The Road Not Taken Questions and Answers
by Robert Frost

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Why doesn't the speaker think he will ever have a chance to walk the other road in "The Road Not Taken"?

The idea that “way leads on to way” in Robert Frosts's "The Road Not Taken" means that a choice in life leads on to other choices, making it very difficult to go back and take the other road. Even if it were possible to take the other road later, this would clearly not afford exactly the same experience as if one had taken it the first time.

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Steph Müller eNotes educator | Certified Educator

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The answer to your question can be found in the last two lines of the third stanza:

Yet knowing how way leads on to way,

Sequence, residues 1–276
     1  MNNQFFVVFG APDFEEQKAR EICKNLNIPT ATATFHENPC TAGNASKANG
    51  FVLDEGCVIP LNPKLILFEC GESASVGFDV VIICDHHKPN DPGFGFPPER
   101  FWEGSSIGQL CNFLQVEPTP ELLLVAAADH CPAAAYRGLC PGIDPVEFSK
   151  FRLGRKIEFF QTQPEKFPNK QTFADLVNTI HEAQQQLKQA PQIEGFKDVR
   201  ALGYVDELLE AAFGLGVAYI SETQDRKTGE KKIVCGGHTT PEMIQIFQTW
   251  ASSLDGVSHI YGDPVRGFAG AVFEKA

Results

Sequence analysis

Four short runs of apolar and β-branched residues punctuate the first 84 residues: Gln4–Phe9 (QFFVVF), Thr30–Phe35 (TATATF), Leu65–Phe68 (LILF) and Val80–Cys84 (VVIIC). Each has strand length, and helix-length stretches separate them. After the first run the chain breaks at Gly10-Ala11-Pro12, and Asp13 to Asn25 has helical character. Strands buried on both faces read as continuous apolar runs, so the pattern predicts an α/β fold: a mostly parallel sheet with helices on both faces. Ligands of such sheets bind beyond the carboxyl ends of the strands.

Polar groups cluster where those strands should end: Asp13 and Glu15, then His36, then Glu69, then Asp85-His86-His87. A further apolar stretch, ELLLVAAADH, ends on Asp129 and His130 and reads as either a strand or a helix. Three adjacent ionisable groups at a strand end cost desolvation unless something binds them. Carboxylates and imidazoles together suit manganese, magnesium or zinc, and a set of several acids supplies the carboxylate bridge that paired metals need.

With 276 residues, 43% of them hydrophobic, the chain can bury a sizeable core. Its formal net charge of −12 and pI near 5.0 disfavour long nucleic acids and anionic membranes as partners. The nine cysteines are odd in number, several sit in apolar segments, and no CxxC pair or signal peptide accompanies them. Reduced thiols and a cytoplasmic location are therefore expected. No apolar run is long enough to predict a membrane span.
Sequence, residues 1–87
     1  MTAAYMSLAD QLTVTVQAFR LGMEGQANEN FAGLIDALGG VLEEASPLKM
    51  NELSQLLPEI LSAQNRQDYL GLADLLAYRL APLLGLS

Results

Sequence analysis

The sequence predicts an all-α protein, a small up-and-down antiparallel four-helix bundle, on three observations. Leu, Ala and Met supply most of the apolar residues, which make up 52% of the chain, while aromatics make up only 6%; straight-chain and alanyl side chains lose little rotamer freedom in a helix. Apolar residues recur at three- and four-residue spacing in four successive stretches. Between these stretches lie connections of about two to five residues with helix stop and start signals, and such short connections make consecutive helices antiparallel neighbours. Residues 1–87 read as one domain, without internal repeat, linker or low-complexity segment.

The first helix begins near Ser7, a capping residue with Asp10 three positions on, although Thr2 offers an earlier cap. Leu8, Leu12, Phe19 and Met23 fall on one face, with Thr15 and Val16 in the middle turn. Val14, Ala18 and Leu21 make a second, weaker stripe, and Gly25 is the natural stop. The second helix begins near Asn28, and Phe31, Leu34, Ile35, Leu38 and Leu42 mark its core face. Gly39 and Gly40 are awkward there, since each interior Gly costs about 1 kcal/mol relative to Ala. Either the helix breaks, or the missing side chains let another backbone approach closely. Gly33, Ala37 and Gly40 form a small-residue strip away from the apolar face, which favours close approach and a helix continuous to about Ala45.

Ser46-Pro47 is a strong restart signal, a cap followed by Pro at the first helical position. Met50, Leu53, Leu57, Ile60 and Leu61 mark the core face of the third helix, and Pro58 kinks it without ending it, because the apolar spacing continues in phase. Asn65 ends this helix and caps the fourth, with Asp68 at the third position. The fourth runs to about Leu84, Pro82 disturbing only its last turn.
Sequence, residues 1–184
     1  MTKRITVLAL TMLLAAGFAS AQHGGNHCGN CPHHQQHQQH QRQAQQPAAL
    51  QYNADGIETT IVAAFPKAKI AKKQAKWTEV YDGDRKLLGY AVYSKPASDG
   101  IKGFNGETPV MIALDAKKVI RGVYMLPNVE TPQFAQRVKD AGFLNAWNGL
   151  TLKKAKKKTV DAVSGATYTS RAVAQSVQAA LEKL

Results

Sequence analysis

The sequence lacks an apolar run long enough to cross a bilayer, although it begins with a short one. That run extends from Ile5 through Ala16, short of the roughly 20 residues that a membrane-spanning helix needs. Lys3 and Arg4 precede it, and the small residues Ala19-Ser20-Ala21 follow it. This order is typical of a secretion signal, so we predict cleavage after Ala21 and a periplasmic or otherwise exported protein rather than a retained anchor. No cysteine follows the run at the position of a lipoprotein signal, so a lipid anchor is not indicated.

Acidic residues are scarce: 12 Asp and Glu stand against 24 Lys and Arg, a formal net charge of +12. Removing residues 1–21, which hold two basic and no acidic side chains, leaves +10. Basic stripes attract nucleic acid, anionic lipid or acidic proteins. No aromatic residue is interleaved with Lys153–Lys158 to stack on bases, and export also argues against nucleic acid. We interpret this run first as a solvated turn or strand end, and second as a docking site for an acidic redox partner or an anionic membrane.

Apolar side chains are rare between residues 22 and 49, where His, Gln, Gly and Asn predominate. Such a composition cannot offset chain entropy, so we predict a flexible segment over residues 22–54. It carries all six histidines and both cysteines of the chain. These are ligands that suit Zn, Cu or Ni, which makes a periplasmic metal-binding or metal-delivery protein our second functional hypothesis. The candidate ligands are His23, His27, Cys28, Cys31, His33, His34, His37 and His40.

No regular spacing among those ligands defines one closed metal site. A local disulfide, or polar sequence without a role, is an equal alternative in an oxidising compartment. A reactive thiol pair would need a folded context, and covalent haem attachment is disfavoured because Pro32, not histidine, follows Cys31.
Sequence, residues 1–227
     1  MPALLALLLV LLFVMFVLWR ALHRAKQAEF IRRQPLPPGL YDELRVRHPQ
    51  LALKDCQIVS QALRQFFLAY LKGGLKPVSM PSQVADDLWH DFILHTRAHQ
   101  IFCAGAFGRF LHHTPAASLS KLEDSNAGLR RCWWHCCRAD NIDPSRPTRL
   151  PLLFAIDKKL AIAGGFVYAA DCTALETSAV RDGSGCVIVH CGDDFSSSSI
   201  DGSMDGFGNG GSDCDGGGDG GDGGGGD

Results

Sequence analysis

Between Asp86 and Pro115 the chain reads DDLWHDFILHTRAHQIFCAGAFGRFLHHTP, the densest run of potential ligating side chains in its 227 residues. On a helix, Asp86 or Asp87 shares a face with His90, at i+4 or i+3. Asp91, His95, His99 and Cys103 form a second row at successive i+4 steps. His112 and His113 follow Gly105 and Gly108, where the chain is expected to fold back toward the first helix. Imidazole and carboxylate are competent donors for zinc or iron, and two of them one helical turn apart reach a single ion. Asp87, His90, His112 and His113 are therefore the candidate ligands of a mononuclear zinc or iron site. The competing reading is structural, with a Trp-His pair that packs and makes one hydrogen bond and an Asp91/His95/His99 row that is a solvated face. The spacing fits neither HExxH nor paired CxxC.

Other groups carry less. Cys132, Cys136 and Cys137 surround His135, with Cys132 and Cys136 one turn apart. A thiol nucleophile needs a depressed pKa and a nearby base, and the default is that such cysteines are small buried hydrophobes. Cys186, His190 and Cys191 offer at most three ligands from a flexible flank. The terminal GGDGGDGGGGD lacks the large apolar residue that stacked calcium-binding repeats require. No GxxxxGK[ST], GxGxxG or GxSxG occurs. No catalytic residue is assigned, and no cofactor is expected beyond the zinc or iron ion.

I doubted if I should ever come back.

Here, the poet refers to how life takes us in unexpected directions and how we seldom end up in the position of being faced with the exact same options twice. Since he has chosen the one road, it is unlikely that he will circle back and find himself having an opportunity to walk down the other path.

This is the case with every decision we make in life, no matter how random it seems. Each decision—whether or not to get married, accept a job offer, or be friends with somebody—adds a new fork to our journey. While we cannot see where these paths will take us, it is unlikely that we will ever go back to that same opportunity with the same choices laid out before us.

Frost goes on to explain, in the last stanza, that it is "with a sigh" that he knows that he will not get to come back and explore the other path. However, he concludes by...

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